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When Exercise Is Unhealthy: Study Sheds New Light on Sudden Cardiac Death

By LabMedica International staff writers
Posted on 06 Dec 2015
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Researchers have discovered new aspects, involving a mutated protein, of a not-well-understood mechanism that underlies how sudden heart failure can occur during endurance exercise in patients with arrhythmogenic ventricular cardiomyopathy (AVC), which currently has no standardized guidelines for exercise management. The findings may inform development of early diagnostics, drug treatments, and personalized exercise programs.

AVC is the most common heart condition that causes sudden cardiac death during intense exercise. Using various analyses of cardiac function and morphology, a team led by Jeffrey A. Towbin, MD, of the University of Tennessee Health Science Center (Memphis, TN, USA), in collaboration with researchers from Cincinnati Children’s Hospital Medical Center (Cincinnati, OH, USA) and others has found that in mice with a known mutated version of desmoplakin, a protein that helps maintain the structure of the heart wall, exercise made the heart walls come apart sooner, leading to earlier development of AVC.

Heart wall cells are stacked in interlocking layers attached to each other by desmosomes that dot the surface of the cells. Exercise can overstretch the heart wall, but these intercellular links keep the cells from disconnecting from each other and prevent the heart wall from coming apart. Desmosomes are made up of several proteins, including desmoplakin. Defects can weaken the cell-cell links, as in AVC, such that the cells do not withstand the extra stretch from exercise and so detach from each other. Scar tissue fills the gaps between the disconnected cells, further reducing the wall’s ability to withstand increased workload as in exercise.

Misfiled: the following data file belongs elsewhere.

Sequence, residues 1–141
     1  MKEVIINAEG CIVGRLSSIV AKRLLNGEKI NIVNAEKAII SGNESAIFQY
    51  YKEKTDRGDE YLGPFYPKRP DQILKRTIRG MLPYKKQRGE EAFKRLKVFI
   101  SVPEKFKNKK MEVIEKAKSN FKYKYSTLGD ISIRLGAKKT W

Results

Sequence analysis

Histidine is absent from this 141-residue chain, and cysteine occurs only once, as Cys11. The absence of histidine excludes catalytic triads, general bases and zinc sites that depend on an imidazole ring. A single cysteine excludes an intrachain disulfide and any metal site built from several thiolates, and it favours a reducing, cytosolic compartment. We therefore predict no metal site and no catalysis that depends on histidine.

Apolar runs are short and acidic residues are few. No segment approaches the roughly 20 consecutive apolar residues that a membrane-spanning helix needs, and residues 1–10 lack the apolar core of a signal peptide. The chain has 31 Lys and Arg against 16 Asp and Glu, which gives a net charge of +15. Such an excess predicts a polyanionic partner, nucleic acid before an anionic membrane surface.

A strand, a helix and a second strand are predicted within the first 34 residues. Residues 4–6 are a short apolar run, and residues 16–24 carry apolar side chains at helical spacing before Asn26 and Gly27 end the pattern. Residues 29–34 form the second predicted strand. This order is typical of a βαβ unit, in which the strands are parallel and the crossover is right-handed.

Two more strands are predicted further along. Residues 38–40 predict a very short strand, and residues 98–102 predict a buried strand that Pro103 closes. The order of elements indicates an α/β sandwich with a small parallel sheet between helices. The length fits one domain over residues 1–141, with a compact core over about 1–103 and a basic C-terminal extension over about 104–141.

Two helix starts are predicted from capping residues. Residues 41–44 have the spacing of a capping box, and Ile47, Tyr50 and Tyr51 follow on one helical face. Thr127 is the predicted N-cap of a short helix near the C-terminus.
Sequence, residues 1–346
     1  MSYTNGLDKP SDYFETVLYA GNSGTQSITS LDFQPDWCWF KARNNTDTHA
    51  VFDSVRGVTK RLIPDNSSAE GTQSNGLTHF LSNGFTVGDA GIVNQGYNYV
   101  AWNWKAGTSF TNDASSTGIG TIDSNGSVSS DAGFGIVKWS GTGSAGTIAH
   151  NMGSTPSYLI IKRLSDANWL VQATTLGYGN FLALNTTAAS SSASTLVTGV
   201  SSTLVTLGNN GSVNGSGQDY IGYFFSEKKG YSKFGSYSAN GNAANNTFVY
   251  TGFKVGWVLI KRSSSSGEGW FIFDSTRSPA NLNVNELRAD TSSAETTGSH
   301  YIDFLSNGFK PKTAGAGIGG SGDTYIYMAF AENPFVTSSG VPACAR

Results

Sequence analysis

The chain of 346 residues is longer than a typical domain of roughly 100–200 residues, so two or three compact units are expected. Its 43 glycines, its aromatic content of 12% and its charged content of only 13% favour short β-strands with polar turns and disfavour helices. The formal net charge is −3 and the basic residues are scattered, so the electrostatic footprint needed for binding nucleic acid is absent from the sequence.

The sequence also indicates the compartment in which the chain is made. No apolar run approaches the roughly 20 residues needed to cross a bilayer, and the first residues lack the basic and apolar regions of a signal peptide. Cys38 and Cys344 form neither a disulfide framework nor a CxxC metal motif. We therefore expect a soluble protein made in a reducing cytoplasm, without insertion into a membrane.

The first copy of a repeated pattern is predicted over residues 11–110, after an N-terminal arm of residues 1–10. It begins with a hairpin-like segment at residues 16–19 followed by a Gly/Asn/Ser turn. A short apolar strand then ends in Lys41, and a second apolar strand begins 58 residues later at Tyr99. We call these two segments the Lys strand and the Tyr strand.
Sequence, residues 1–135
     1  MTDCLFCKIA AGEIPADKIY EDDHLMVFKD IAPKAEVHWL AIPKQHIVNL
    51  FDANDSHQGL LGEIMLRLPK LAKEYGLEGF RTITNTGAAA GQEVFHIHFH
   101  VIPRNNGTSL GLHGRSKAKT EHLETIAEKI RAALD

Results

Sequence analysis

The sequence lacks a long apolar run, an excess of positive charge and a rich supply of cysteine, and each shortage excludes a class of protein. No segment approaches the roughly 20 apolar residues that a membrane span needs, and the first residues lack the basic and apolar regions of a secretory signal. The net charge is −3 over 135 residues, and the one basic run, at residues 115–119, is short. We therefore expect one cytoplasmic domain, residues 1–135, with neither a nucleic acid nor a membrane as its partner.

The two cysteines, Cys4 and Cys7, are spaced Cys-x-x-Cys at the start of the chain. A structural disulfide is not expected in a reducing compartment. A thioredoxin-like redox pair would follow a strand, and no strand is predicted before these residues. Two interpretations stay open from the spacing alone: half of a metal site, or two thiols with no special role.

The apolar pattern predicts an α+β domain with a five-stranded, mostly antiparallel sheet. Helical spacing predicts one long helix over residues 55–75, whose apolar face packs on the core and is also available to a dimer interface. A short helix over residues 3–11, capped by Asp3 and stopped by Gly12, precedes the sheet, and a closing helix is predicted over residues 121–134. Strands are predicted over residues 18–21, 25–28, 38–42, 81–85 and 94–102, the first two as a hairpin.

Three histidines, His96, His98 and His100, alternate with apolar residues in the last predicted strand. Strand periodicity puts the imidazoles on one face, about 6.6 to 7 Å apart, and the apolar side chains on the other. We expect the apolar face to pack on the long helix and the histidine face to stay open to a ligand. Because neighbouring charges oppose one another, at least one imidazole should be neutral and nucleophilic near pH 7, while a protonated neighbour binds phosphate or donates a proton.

Several studies observed that mice with a mutated form of desmoplakin developed the same heart problems seen in patients with AVC. In this new study, in addition to finding that endurance exercise led to earlier onset of AVC symptoms in the mice with the mutated desmoplakin, the researchers also discovered that the desmosomes started coming apart before changes in heart function were detected and that exercise perturbed AKT1 and GSK3-β signaling in the Wnt-β-catenin pathway, which promotes growth of new cells and prevents deposition of fat, offering an explanation for the accelerated development of AVC.

The study suggests that changes in the cell-cell links can be detected before alterations in heart function occur. This could help identify individuals with the mutation before they develop AVC symptoms, said Dr. Towbin, opening the possibility of better strategies to prevent exercise-induced complications and of developing drugs targeting the Wnt-β-catenin pathway to potentially help AVC patients.

The study, by Martherus R et al., was published online ahead of print November 6, 2015, in the American Journal of Physiology — Heart & Circulatory Physiology.

Related Links:

University of Tennessee Health Science Center
Cincinnati Children’s Hospital Medical Center

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